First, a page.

Berthomieu, Ermitage & Œnosylva
The blog of cooperages and the oak specialist for oenology
Berthomieu, Ermitage & Oenosylva
The blog of cooperages and the oak specialist for oenology

Zoom on Auvergne’s vineyards

We are among professionals, you may or may not know them … that is why this section will be dedicated to vineyards that are not enough talked about.


For the first issue of our Newsletter, we invite you to explore the Massif Central’s four PDO : Côtes d´Auvergne, Saint-Pourçain, Côte Roannaise and Côtes du Forez.

Despite a centuries-old history dating back to Gallo-Roman times, Auvergne wines have long remained in the shadow of Anjou, Saumurois or Sancerre wines.


However, as in many French regions, a renewal and a dynamic are underway. To match the with the soils of these areas, we could also talk about boiling, gushing or even eruption!


Indeed, the specificity of these four vineyards lies under our feet. According to the different names, the subsoil will be formed of granite rocks, volcanic rocks, marine sediments (marl, limestone, lake limestone), alluvium, metamorphic rocks. To this must be added a semi-continental climate, with cold and dry winters and hot summers, with low rainfall. This exceptional climate is largely due to the Foehn effect: the precipitation coming from the ocean is partly stopped by the western slope of the Massif Central (Puys’ chain) and the air mass which continues its route is then transformed into a hot and dry current when it reaches the vineyard slopes.


Finally, altitude is key. The vines are planted between 200 and 600 meters, this climate offers optimal ripening for the grapes and good resistance to global warming.

As for the grape varieties, Gamay is omnipresent, enriched with its variations: Gamay Bouze Noir, Gamay Fréaux Noir, Gamay Noir with white juice. Pinot noir is also used as a blend.


As for the whites, they come from Chardonnay, Sauvignon blanc, Tressaillier (a local variety cultivated only in Saint-Pourçain), Viognier or Roussanne.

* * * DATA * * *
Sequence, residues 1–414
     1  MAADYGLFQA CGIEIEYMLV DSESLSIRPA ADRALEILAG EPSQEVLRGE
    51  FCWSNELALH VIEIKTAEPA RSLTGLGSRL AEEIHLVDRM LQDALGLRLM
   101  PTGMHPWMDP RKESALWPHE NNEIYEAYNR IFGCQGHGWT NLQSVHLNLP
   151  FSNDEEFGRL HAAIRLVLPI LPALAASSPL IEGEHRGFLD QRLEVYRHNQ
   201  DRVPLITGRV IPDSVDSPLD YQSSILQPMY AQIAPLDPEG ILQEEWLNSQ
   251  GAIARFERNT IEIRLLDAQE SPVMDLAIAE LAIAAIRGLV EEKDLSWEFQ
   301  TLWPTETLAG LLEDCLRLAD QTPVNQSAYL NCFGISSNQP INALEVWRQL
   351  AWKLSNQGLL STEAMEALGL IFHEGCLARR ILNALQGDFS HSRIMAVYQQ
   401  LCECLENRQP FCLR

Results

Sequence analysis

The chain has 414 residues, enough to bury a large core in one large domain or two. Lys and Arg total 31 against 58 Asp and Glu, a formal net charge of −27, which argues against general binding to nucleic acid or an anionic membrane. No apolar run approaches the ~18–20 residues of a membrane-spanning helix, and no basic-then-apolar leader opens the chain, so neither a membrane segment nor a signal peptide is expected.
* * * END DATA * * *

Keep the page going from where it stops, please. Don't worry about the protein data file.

Thus, although they have similarities, the vineyards of Côtes d´Auvergne, Saint-Pourçain, Côte Roannaise and Côtes du Forez offer a whole set of wine styles  with a strong personality.


Côtes d´Auvergne


In 1951, the Côtes d´Auvergne were the first to join the appellations of origin. A modification took place during the year 1977 to define the five crus: Côtes d’Auvergne Boudes, Côtes d’Auvergne Chanturgue, Côtes d’Auvergne Chateaugay, Côtes d’Auvergne Madargue and Côtes d’Auvergne Corent (only rosés can be claimed on the latter).


The appellation area stretches for approximately 80 km from North to South and 15 km from East to West and is spread over 53 municipalities. The vines are generally dispersed in a multitude of small islets, almost always on a well-marked hillside, at an altitude of between 350 and 550 m.


The fame and the particularity of the complementary local names (Madargue, Chateaugay, Chanturgue, Corent and Boudes) illustrate the diversity of the soils of the Côtes d´Auvergne vineyard:


  1. The Madargue site corresponds, in the town of Riom, to a white marly wine-growing hill.


  1. The vines on Chateaugay are on the sides of an old basalt flow fragmented into several small plateaus.


  1. The Chanturgue vineyard, emblematic of the Côtes d’Auvergne and whose name of Celtic origin comes from the word “cantalo” meaning “brilliant” and “clearly visible”, occupies the steep slopes (more than 25%) bordering the basalt plateau.


  1. The name of Corent derives its notoriety from a hill which appeared during the last eruptions and exhibits dark colored soils, rich in volcanic colluvium.


  1. The vines of Boudes occupy a vast limestone hillside protected at its summit by a basalt flow.


There are around a hundred winegrowers, more than half of whom are affiliated to the cooperative cellar of the vineyards of Saint Verny. Three grape varieties are used in the production of wines of the Appellation d’Origine Contrôlée Côtes d´Auvergne:


  1. The red grape varieties, majority Gamay and Pinot Noir cover 90% of the vineyard.


  1. A single white grape variety, Chardonnay, occupies the remaining 10%.


To be claimed as PDO Côtes d´Auvergne, a red wine must come from the Gamay / Pinot noir blend (with a maximum of 50% of the latter). However, winegrowers can offer a 100% pinot noir wine in IGP Puy de Dôme. As for the whites, Chardonnay is the only authorized grape variety. Established recently, it is very suited to the terroir.


We will introduce you to the other three appellations of origin of the Massif Central in our next Newsletters.

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